Article Courtesy of The
By Bob Ferguson
Published February 22, 2018
The fourth time looks like it will be the charm for a
trio of Poinciana homeowners.
According to court documents, Judge Catherine L. Combee denied the request
by the Association of Poinciana Villages and developer AV Homes, more
commonly referred to as Avatar, to have a fourth amended complaint
dismissed. The complaint filed by homeowners Peter Jolly, Victory Destremps
and Annette Brown-Best alleges a breach of contract by the HOA and
“It’s been two years and almost $100,000,” said Keith Laytham, a spokesman
for the civic nonprofit Association of Poinciana Villages.
The three homeowners and representatives for the HOA and developer met in
the Circuit Court on Feb. 2 and Feb. 5. The next hearing is slated for Feb.
The trio of homeowners had three previous lawsuits thrown out. Combee’s
denial came Feb. 12.
The claims by the homeowners are that the developer and HOA violated the
1985 agreement in which the developer was supposed to turn over control of
the community to the homeowners. Part of the homeowners’ case is that APV
violated Florida’s Marketable Record Title Act that forced the homeowners’
association to update its deed restrictions after 30 years.
According to the 1985 agreement, Laytham said, control was supposed to be
turned over in 1991. The developer was scheduled to pay diminishing HOA fees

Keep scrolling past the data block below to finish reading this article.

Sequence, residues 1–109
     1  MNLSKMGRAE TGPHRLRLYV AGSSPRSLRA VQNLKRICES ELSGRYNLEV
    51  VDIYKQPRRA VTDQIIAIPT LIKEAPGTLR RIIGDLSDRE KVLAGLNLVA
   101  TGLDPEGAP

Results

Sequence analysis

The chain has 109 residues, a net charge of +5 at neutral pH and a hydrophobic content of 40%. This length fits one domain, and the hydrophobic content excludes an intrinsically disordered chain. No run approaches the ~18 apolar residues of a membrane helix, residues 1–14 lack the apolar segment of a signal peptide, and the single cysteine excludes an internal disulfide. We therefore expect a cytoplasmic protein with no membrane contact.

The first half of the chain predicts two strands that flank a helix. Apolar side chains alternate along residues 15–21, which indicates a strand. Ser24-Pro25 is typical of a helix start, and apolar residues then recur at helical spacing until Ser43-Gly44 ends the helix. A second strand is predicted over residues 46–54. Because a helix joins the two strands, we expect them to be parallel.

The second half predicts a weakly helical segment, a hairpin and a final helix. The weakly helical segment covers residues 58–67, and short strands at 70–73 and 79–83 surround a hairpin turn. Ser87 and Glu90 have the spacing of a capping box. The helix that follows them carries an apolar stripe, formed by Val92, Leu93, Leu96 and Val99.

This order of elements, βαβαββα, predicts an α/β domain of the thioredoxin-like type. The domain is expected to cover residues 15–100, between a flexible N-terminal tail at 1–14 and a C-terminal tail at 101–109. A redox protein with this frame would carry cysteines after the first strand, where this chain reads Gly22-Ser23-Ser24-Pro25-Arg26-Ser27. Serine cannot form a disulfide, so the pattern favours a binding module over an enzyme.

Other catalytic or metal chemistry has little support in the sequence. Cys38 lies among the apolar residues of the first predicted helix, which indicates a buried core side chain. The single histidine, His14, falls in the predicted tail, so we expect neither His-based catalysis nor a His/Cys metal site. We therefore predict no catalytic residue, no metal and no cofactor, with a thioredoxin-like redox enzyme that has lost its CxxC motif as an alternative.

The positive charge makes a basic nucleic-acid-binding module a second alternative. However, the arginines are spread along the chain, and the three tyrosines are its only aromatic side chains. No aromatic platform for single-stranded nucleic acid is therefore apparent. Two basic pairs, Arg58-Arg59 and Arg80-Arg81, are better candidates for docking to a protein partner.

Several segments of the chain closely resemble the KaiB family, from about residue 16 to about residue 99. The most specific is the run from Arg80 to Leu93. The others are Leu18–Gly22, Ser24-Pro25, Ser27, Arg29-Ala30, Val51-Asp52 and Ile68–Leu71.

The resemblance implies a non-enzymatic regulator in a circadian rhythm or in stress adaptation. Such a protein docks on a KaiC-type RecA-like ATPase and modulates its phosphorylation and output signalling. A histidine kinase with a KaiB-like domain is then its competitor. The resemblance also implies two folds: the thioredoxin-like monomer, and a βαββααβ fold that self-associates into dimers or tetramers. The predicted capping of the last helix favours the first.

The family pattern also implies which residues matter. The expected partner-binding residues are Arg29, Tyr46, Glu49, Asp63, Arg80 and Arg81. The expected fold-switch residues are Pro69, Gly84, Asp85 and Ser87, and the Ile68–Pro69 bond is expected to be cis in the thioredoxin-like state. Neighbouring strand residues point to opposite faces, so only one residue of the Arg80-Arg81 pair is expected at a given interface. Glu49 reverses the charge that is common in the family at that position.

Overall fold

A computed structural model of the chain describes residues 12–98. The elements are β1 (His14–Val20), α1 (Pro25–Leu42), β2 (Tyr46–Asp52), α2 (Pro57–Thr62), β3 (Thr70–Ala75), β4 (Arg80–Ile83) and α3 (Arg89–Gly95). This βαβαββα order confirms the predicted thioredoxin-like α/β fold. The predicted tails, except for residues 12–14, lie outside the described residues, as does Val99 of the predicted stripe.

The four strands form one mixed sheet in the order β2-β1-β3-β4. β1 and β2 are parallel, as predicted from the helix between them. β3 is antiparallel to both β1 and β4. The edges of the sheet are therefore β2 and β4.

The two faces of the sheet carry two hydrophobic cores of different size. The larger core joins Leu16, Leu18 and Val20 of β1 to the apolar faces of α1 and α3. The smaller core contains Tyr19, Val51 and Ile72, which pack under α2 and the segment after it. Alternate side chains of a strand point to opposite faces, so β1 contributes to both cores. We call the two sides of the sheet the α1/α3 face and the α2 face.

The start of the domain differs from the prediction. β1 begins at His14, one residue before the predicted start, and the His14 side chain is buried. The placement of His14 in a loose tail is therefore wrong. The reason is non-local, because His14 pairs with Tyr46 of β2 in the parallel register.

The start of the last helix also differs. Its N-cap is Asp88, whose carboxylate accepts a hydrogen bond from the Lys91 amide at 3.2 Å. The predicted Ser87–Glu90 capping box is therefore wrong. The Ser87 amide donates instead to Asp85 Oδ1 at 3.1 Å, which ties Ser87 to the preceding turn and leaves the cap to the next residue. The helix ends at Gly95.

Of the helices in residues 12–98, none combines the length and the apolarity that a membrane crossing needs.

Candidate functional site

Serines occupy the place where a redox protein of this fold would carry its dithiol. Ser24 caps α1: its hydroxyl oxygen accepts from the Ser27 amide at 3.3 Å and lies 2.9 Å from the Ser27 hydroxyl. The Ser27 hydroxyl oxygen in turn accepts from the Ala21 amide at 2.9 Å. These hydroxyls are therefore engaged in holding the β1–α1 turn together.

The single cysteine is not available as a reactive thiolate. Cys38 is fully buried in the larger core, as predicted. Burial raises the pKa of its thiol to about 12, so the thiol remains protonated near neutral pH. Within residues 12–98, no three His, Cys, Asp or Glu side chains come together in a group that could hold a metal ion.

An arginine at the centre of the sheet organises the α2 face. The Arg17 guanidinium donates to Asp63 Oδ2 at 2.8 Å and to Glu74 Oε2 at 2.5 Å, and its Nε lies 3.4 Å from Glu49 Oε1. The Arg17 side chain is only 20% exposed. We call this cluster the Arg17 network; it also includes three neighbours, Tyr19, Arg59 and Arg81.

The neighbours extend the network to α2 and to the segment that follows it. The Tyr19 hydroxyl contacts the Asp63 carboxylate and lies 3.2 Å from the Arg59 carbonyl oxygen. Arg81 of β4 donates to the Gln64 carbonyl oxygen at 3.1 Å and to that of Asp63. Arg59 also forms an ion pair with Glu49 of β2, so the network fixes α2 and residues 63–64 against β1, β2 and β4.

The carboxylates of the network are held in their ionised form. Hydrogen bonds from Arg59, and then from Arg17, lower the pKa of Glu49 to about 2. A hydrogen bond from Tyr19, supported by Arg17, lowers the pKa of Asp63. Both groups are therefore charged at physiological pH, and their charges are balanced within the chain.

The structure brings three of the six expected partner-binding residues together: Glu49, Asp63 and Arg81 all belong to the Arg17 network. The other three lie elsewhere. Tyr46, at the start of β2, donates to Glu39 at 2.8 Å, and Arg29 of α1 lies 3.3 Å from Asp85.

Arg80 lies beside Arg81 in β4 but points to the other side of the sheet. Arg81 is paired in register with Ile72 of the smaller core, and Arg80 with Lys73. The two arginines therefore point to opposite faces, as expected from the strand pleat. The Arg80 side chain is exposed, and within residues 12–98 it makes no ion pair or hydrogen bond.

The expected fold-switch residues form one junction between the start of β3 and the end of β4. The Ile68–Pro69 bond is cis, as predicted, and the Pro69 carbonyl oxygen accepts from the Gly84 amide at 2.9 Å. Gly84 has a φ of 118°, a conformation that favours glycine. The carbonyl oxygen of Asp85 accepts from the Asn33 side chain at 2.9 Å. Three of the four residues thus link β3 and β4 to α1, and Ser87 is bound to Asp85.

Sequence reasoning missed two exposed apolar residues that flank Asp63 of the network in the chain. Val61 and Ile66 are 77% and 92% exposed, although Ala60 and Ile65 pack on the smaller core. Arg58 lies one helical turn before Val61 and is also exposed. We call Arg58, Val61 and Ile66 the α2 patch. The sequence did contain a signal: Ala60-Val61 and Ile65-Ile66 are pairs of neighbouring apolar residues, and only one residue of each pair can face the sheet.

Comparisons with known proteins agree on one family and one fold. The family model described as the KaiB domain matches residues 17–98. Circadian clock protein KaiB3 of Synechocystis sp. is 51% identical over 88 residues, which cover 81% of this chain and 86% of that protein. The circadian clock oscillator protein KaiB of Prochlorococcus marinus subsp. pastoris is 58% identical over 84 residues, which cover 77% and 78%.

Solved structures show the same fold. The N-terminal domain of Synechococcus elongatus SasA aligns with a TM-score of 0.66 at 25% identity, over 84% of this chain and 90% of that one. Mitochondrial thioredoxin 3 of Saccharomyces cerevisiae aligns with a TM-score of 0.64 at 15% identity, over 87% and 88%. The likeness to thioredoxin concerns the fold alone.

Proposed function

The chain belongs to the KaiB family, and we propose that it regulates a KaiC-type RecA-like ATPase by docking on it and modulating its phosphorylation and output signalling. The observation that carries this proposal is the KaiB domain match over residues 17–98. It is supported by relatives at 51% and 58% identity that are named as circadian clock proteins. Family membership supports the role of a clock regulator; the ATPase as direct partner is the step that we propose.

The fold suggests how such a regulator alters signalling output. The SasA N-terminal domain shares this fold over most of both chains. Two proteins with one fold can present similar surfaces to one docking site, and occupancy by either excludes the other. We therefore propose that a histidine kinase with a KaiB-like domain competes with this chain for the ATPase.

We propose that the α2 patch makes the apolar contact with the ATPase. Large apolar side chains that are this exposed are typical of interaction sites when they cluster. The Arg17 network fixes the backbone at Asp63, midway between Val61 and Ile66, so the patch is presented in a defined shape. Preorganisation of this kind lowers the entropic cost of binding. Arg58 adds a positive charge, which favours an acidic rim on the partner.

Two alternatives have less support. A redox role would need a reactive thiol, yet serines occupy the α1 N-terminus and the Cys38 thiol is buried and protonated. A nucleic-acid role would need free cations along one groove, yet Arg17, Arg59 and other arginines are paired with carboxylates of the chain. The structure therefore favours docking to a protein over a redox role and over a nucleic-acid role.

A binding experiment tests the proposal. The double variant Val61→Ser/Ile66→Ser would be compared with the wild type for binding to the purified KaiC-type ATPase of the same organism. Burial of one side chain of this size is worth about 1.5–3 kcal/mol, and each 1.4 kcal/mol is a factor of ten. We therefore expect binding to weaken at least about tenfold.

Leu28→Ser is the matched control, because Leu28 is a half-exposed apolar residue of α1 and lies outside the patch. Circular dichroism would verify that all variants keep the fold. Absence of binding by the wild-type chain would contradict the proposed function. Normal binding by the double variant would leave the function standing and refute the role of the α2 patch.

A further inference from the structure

until 1996 when the fees were set to be removed. Laytham said the fees have
been waived, but control has not been relinquished.
“That’s where these election results come in,” Laytham said. “As Jolly and
Destremps found out, if you don’t want to do what Avatar says, you get
thrown off the board.”
APV is a community of nearly 27,000 homes that spans parts of Polk and
Osceola counties. The HOA is broken up into nine villages with each
represented by a five-member board. One member from each village board is
selected to serve on the HOA’s master board.
For undeveloped plots, the developer is given votes based on how many homes
could be built on the vacant land. Laytham said the developer exaggerates
those vote counts by including marshy areas like wetlands and plot sizes
undevelopable by county land development regulations to put board members in
place who are favorable to AV Homes.
Destremps and Jolly are former board members. In 2015, APV was forced to
file an injunction against the two after they removed $1.6 million from APV
and placed it into accounts only they controlled. Most of the money was
recovered late that year.
Another element of the complaint filed by the homeowners pertains to
Solivita. Laytham said in 2012, the development was allowed to secede from
APV, but that should have only been done with a majority vote from each
village board. Laytham claims that did not happen.
“There were 6,000 parcels in Solivita and each of them was paying into the
HOA,” Laytham said. ”(With those gone), they had to either cut back on
services or increase fees. That says to the rest of the community that
Solivita is special. That’s just one of the ways that Avatar breaks the
Representatives for APV could not be reached for comment.